June 29, 2017

Werklund grad students launch on line journal

Peer reviewed journal focuses on educational research and psychology

Earlier this spring, graduate students in the Werklund School of Education released the first edition of Emerging Perspectives: Interdisciplinary Graduate Research in Education and Psychology (EGIPREP).  This new blind peer-reviewed journal is dedicated to publishing graduate research that brings together the fields of educational research and psychology.

Some of the journal’s editors (Maisha Syeda, Jonathan Woodend, Brit Paris, Teresa Fowler, Konstantinos Chondros and Brianna Hillman) recently talked about the genesis of the journal, the goals they’ve set for it, and how it feels to have that first edition published.


What was your goal for this first edition of your journal and the journal overall?

Maisha: One of the primary goals of the issue was to feature scholarly work of graduate students within the field of education and educational psychology (e.g., school psychology, counselling psychology). Given that this was our inaugural issue, we did not set a specific theme or area of focus as we as editors wanted to provide an open opportunity to graduate students and student reviewers to learn and gain valuable publishing skills and experiences. 

Jon: As for the journal, one of the objectives of the journal was that we wanted it to not just be a journal; we wanted it to be a journal that filled a niche, a journal that targeted a gap that students needed to bridge into ideas. I think sometimes, if we’re honest about it, there is a lot of stigma against education and psychology--that they’re not competitive in terms of research and things like that, compared to the hard sciences like physics and chemistry, for example. I think a journal based in education, based in Werklund School of Education, was an opportunity to build not only the confidence of ourselves, but other students to make that bridge into publication.

Brianna: For me, it was important as an objective to have the mentorship piece, and the learning piece. At various times we’ve kind of pulled back from offers from faculty to help with the journal because we didn’t want it to be taken over or run by them. We really wanted it to be a student-led journal, and we really wanted to set up the process where you do the module online so you get some idea of what is expected of you and what you need to do. For example, if we get papers that seem like they are not ready yet, to be able to work with the authors and say “here’s what you can do, what else can we do to help you.” It’s not enough just to know that the manuscript is not good enough, we need an opportunity to learn, to be taught.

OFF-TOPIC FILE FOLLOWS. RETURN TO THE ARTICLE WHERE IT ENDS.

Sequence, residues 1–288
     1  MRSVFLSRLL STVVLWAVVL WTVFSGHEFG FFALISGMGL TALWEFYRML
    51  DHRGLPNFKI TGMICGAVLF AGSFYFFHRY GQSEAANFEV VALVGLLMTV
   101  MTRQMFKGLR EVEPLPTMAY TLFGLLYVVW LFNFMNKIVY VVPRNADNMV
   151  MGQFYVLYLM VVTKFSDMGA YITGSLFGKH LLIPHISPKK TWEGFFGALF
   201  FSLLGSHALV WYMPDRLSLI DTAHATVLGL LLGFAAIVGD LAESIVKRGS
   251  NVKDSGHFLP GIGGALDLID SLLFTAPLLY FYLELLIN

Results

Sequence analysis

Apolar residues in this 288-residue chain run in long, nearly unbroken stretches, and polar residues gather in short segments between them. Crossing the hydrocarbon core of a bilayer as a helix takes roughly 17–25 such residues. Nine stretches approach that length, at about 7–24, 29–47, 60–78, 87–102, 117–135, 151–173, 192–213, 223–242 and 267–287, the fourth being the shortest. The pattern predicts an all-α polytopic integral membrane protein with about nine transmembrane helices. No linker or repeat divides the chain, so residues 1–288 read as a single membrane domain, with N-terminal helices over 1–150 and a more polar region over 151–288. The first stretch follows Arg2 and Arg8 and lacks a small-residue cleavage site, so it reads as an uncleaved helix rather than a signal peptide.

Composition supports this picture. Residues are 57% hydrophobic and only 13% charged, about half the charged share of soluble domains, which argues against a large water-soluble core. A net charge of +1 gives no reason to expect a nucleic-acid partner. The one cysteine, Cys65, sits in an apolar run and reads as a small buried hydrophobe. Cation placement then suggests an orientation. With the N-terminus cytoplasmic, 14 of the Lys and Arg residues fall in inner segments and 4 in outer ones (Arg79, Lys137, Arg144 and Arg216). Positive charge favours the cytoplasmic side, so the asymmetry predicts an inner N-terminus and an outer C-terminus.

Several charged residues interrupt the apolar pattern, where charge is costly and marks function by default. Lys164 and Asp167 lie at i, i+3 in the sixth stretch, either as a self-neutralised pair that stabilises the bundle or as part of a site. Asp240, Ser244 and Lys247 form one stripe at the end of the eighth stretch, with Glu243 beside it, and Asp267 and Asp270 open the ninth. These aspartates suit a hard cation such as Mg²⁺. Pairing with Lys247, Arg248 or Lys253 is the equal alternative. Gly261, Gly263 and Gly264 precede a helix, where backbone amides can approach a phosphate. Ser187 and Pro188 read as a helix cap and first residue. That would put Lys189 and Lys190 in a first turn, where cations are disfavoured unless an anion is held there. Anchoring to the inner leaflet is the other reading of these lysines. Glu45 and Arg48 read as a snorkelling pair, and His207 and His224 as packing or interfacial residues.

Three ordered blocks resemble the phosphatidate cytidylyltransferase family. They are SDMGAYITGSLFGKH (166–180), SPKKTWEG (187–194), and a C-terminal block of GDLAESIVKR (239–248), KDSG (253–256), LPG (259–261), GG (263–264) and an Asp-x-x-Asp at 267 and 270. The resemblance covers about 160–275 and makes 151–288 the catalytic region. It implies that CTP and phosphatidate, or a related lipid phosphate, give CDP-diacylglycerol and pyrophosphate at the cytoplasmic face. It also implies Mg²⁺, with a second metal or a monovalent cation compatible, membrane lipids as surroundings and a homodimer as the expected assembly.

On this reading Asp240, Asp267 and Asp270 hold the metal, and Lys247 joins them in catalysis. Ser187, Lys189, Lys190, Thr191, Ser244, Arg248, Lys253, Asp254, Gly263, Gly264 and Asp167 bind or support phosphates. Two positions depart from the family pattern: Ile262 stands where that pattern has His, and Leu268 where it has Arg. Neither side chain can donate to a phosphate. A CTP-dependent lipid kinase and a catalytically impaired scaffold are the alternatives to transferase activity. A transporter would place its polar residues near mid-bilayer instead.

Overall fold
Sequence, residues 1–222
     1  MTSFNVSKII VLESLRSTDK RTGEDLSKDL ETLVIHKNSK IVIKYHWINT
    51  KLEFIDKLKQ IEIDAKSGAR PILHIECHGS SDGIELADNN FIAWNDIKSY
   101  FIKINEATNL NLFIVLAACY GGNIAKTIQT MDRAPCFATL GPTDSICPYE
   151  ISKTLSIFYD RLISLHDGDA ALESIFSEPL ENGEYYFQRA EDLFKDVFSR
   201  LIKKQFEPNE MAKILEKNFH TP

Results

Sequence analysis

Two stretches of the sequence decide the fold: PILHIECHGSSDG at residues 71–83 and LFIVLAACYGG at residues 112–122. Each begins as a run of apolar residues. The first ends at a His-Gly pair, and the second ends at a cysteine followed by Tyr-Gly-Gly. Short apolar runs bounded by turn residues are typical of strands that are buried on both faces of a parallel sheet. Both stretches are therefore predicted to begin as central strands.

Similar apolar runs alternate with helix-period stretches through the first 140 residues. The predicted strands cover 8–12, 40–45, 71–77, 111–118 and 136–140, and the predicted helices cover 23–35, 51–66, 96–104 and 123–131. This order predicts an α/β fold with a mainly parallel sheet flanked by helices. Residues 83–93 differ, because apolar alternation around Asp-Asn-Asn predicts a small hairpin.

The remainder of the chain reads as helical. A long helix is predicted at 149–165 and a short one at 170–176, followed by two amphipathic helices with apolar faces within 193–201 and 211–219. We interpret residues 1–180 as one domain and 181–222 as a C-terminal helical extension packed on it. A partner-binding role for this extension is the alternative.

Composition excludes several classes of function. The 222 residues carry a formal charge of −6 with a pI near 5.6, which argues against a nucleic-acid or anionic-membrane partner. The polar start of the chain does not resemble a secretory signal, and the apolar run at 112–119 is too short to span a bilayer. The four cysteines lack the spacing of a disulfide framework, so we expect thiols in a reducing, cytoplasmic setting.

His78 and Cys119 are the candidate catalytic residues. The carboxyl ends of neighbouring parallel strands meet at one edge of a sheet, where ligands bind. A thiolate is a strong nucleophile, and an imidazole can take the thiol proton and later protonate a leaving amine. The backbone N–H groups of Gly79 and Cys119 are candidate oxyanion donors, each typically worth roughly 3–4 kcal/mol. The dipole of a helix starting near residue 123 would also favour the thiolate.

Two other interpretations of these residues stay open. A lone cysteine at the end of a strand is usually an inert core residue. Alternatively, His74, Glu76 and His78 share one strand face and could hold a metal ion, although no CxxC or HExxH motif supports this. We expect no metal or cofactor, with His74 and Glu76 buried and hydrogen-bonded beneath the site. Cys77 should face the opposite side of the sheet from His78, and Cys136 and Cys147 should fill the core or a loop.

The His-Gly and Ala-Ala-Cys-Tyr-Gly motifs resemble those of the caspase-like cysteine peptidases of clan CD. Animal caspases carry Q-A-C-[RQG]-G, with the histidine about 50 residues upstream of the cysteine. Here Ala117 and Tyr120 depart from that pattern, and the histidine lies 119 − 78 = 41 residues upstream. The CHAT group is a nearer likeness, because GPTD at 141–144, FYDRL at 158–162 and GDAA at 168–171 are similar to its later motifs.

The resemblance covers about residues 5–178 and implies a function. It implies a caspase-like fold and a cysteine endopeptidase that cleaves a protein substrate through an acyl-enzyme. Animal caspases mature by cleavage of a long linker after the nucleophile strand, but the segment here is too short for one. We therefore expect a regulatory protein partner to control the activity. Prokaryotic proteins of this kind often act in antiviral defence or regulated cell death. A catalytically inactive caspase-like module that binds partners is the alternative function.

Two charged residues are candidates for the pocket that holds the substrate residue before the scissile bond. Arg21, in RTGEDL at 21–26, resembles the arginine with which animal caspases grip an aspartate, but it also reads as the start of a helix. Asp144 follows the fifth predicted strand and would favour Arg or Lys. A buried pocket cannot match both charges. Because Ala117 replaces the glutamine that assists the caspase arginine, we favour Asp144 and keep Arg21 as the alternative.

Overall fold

Teresa: To build onto Brianna’s thoughts, being the editor in charge of reviewing book reviews has been eye opening in that almost half of the ones submitted struggled with reviewing a book and then expressing their understandings on paper. Some of the writers had experience with publishing and this showed but the majority had not, so I did not really recognize how much mentorship was going to be involved with this small aspect of the journal. Clearly, mentorship and learning opportunities are a critical objective for the journal.


What were some the challenges and/or surprises you discovered in the process of coordinating and publishing a journal?

Maisha: I don’t believe our peers are enthusiastic yet about our journal, and our journal is essentially established for graduate students. I think we are still missing this, students are not relating to the journal, where they feel that this establishment will play some role to enhance their graduate training. We need to spark that engagement and enthusiasm. We need to reach out to students. During the year, I had some time to reflect to think about who is our target audience for authors? We say it in our mandate that our journal is a good platform for beginning authors to gain publishing experience, but maybe, our beginning authors don’t have the resources, coaching or the mentorship to engage with the publication process yet.

Jon: I saw that as a barrier too. Sometimes we give lip service to research; we talk about it and its importance, but there’s not as much action toward completing it. Part of this inaction is that there is no formal guidance, or structured way into the publication world. I could see why students may say “Yes, I would love to be a published author,” but they don’t have the model to follow to help them through this process. Does that make sense?

Teresa: It is similar to the hidden and implicit curriculum of graduate school...things that others just assume we know so they do not teach it out right. As graduate students, many of us are also research assistants. I find that many of these roles are often on the back burner, but your principal investigator or the supervisor does not stop, pause, and teach you how to publish, show you how to a develop a good manuscript, and give you examples of journals to publish. Maybe, it is the expectation that we will learn this on our own. But, publishing needs support and mentorship.